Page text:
Planned Obsolescence and Home Recording

We’ve all experienced something like this: the new iPhone comes out. A new operating is released around the same time, and all of the sudden your 2 year old phone starts to feel sluggish.

Is this a conspiracy?

Unfortunately not. Planned obsolescence seems to be a factor. Planned obsolescence is when consumer goods are produced with a short life span in mind. Think of products that become obsolete when everything around them gets upgraded. Eventually, you have to buy the new model just to get any function.

Rather than go down the rabbit hole with phones, I wanted to share my experience with three top-of-the-line pieces of technology and how their planned/unplanned obsolescence has been a thorn in my side. I’ll give my current recommendations based on my less-than-desired experience and tell you how I’ve “fixed” my issues for the time being.

Pro-Tools

About 3 years ago I purchased the industry standard recording DAW Pro-Tools. At the time, I had the option to buy a monthly subscription or buy the program out right (which is called a perpetual license). While the price tag on the latter option was significantly higher, I figured I wanted to really own this program and not have to pay monthly for something I might use off an on.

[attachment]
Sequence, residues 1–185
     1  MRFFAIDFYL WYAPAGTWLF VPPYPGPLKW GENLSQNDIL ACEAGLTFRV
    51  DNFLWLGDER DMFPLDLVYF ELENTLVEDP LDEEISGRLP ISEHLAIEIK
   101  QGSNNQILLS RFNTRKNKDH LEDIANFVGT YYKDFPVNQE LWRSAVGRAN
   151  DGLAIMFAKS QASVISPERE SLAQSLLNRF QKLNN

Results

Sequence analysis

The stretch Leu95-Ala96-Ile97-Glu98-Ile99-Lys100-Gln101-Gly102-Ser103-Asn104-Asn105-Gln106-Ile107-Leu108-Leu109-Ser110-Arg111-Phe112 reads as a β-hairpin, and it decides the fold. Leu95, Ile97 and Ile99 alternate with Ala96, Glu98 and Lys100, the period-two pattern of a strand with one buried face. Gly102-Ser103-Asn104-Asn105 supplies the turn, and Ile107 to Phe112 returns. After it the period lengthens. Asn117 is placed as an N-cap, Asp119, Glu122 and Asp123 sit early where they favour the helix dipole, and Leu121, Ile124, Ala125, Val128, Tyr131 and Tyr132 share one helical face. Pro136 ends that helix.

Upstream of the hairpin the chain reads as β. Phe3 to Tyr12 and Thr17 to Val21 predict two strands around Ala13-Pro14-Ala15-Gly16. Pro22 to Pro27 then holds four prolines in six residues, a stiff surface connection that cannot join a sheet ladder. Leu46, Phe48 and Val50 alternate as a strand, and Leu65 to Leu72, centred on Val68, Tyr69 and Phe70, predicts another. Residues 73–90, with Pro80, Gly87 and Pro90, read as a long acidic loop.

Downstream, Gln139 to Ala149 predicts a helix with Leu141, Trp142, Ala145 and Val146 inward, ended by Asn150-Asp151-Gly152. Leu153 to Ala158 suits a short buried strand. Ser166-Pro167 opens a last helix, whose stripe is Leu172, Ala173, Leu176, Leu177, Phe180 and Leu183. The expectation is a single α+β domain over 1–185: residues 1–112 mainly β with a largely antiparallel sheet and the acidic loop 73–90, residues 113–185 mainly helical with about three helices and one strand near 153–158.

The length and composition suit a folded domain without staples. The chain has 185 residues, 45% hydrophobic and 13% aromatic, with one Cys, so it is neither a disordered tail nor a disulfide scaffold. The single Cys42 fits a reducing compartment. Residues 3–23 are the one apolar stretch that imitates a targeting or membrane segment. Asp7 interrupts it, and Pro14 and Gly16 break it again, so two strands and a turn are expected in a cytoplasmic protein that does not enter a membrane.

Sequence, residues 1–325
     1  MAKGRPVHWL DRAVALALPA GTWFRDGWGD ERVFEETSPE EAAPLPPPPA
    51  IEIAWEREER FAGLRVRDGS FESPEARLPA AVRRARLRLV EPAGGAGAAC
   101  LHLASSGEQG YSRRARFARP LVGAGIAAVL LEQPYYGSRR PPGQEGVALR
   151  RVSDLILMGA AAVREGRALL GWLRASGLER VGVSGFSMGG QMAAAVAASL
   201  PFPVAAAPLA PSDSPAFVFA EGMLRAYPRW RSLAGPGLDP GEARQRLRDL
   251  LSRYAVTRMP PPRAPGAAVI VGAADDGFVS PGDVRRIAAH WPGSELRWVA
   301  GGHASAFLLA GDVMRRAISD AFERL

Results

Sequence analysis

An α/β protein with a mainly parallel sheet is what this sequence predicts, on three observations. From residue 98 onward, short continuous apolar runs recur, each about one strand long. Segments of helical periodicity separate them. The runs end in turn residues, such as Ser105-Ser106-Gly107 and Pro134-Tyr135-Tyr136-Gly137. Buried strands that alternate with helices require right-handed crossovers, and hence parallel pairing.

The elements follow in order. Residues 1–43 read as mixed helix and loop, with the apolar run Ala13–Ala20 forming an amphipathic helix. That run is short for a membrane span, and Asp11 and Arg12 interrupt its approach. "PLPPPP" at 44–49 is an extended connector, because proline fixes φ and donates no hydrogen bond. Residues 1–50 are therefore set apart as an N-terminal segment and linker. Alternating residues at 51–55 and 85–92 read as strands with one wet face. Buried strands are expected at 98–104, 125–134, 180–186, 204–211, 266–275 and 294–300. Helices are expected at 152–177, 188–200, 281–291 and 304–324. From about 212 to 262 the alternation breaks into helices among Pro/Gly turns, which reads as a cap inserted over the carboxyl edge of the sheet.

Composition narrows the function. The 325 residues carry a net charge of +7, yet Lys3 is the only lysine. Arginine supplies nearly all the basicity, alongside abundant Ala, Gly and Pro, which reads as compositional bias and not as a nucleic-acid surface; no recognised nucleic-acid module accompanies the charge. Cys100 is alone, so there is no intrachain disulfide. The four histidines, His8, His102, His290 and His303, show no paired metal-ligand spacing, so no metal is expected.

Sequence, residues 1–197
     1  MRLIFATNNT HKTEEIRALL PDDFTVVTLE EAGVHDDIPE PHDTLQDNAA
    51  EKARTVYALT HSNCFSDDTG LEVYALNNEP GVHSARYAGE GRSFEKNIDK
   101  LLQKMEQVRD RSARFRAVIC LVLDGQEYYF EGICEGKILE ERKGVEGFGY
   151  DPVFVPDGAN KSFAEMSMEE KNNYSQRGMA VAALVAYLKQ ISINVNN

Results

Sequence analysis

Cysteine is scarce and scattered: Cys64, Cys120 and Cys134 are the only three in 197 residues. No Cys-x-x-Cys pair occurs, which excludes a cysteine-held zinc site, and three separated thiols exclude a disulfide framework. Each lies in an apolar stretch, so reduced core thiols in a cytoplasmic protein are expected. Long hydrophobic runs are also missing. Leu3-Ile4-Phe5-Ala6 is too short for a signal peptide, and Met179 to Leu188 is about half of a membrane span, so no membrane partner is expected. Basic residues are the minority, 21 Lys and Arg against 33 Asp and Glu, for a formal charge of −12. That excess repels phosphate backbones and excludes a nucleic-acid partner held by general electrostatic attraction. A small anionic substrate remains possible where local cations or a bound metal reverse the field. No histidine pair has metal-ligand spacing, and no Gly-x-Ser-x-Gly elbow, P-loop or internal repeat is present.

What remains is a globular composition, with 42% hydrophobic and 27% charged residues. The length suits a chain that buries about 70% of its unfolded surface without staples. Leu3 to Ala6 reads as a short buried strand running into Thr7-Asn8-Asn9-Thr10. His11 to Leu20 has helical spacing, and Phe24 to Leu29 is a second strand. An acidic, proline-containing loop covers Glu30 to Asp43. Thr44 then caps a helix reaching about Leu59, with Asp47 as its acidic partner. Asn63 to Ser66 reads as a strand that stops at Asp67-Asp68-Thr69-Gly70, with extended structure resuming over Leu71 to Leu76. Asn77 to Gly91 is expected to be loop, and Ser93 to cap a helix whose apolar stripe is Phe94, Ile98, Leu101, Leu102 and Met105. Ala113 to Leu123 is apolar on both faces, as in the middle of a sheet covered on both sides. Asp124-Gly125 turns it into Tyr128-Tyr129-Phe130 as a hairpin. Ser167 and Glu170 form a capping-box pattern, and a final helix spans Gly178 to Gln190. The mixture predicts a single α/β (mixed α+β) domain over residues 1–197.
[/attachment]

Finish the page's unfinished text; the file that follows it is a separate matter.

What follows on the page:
Big. Mistake. When you buy Pro-Tools at full price, it does not come with software upgrades for subsequent versions. “So what, I’m sure the old version is more powerful than I’ll ever need.” It’s not that simple, friend. As Apple (in my case) updates operating systems, older versions of Pro-Tools may not be compatible with the newer OSX. In my case, the version of Pro-Tools I bought less than 5 years ago will not run on the most current Max OSX: Sierra.

And what does Pro-Tools offer the customs? “You may purchase the new version at full cost.” Score one for them.

Altiverb

Altiverb is an amazing reverb plug-in. The geniuses who made it went in to some of the best sounding studios, venues, churches, etc. and ran sine waves through them to capture the true reverb of the room. Sounds amazing, ridiculously customizable, and worth the $520 price tag…when you can use it.

Here’s another case of as things upgrade, it loses functionality. For quick and dirty recording I like to use GarageBand for Mac. (I also use GarageBand when, say, Pro-Tools doesn’t work!) When I first got Altiverb, it worked like a charm. With subsequent releases of GarageBand, it stopped working. When I reached out to Altiverb, they recommended reinstalling the iLok software (which ensures you have a license to use the product). After doing so, the software equivalent of “unplugging and re-plugging the internet router to fix your WiFi,” Altiverb still didn’t work.

The final solution from Altiverb? “Well GarageBand isn’t listed as one of our supported programs anyway.” Go figure.

Apogee Element

It’s exciting to get a new computer. Enter: the new iMac with the amazing M1 processor! For those of you unfamiliar with the M1, it’s Apple’s new processing chip which is apparently able to handle much more simultaneous information at a single time, especially when compared to their previous processing chips. This chip was introduced in computers around November of 2020 and has promised to be a game-changer in Apple’s computers. In July of 2021, I was able to get my hands on the new Apple iMac complete with the M1 processing chip.